‘Australian whisky is still undefined. Australian whisky typically uses brewing barley strains like Gairdner, which means we’re flavour-driven [as opposed to choosing barley for its yield]. We treat the wash like a craft beer in itself rather than a means to an end. When we started, the malting industry wasn’t at a point at which they could accommodate the scale of startup distilleries.
Still going: The Melbourne distillery will see another production upgrade next year
‘Although the use of brewing barley is common throughout all Australian distilleries, the brands that are the most distinctive really celebrate Australian red wine barrels. I love using Barossa Shiraz barrels, because the whisky that comes out of those barrels is not like the wine it makes. I think people link Barossa with big, slap-you-across-the-face, poke-you-between-the-eyes kind of wines, and that’s not what Starward is. There’s a dissonance between what a Shiraz is and what a Shiraz-matured whisky is, which I love.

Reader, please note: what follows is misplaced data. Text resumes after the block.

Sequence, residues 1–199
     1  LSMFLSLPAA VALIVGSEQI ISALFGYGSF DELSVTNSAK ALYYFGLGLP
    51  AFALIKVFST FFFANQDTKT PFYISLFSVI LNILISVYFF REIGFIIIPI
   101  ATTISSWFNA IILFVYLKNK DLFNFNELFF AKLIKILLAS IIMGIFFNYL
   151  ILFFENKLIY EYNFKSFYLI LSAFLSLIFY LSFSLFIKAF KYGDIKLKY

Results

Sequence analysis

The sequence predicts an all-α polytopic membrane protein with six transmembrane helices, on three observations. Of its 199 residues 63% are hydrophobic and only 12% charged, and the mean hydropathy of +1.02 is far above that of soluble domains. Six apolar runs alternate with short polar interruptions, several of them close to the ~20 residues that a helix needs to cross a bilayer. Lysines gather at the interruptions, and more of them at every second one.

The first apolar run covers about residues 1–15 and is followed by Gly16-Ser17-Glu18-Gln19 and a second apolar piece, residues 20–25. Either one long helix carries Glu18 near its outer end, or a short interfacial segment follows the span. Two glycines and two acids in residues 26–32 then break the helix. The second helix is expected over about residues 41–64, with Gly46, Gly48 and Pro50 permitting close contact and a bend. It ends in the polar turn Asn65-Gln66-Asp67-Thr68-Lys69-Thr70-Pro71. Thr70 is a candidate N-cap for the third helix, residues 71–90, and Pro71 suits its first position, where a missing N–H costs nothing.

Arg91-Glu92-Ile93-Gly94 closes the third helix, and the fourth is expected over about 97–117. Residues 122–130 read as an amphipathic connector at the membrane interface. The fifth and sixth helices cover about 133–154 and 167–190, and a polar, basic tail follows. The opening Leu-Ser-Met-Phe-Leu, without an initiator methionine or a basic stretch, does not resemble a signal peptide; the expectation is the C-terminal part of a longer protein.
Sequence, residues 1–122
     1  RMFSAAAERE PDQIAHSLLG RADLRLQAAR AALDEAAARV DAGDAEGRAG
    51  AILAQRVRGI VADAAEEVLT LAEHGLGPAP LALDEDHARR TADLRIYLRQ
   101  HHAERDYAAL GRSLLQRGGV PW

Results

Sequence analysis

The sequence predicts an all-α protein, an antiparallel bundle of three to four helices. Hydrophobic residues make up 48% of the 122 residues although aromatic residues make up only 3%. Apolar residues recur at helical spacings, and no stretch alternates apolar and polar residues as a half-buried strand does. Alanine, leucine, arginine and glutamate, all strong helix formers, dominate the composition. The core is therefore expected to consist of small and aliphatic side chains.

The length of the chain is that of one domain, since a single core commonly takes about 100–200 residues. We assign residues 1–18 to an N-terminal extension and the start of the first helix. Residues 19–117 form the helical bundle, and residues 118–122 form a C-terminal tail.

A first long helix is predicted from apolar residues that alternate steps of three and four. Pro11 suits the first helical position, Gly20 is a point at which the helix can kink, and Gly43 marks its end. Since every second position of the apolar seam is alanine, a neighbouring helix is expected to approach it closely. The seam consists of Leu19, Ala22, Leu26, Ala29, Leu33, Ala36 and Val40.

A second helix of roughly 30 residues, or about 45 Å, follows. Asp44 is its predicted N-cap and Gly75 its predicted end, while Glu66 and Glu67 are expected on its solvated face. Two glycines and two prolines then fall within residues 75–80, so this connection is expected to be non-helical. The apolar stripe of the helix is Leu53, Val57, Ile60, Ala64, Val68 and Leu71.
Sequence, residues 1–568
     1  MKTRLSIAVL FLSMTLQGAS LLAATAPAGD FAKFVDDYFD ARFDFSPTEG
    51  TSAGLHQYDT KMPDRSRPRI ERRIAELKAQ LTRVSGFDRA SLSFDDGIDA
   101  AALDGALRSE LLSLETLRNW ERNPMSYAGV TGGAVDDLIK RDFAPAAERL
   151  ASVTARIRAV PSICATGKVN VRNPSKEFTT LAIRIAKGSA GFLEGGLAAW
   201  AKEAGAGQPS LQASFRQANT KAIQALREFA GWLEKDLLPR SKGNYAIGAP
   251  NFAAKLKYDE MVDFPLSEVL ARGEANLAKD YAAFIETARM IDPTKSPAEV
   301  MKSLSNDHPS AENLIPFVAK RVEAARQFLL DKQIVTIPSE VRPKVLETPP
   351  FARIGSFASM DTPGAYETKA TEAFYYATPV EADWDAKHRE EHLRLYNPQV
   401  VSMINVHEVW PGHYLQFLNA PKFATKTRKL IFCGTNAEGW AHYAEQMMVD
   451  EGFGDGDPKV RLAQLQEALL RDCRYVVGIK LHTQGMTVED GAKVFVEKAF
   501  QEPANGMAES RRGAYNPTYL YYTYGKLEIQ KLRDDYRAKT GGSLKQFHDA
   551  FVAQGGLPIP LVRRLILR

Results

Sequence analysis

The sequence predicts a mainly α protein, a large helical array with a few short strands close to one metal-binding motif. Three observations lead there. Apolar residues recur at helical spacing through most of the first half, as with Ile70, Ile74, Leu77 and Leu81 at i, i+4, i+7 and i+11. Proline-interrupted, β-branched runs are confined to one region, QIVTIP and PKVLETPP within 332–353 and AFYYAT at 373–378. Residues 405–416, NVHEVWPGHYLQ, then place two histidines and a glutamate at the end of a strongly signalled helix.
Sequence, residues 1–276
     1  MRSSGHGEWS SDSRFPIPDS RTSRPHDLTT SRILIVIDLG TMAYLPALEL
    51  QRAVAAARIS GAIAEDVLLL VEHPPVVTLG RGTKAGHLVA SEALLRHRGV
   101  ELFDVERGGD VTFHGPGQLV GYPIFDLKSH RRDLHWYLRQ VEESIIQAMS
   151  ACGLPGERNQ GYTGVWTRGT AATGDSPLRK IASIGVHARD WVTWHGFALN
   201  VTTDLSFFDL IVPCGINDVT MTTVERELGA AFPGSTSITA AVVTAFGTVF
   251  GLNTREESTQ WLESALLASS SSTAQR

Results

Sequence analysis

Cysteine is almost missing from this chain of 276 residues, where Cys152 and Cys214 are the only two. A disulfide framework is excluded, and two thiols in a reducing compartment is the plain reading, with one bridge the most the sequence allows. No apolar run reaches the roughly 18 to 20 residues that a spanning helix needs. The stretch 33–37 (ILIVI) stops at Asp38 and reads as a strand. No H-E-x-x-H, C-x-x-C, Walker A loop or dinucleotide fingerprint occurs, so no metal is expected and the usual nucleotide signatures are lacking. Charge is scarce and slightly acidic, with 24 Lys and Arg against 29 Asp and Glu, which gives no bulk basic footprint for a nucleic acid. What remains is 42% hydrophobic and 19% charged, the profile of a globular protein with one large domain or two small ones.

‘We often talk about this idea that we mature our whisky for three Melbourne years. A lot of people from Ireland and the east coast of the United States talk about having four seasons in a day, but the difference is that we can have up to a 20°C temperature range in a single day, and that can have a profound impact on the whisky. In the summer months the whisky matures quite quickly, and during the winter months it’s probably moving as fast as the summer months in Scotland. It means we’re getting far greater depth and complexity, and a rich, mellow whisky in a much shorter timeframe.
‘We’re trying to get beer drinkers into Starward on their terms, by cask-ageing beers in Starward barrels. We’ll continue to think about ways we can pair whisky and beer. It’s technically challenging. It might be a beer barrel-finished whisky, or it might be a boilermaker.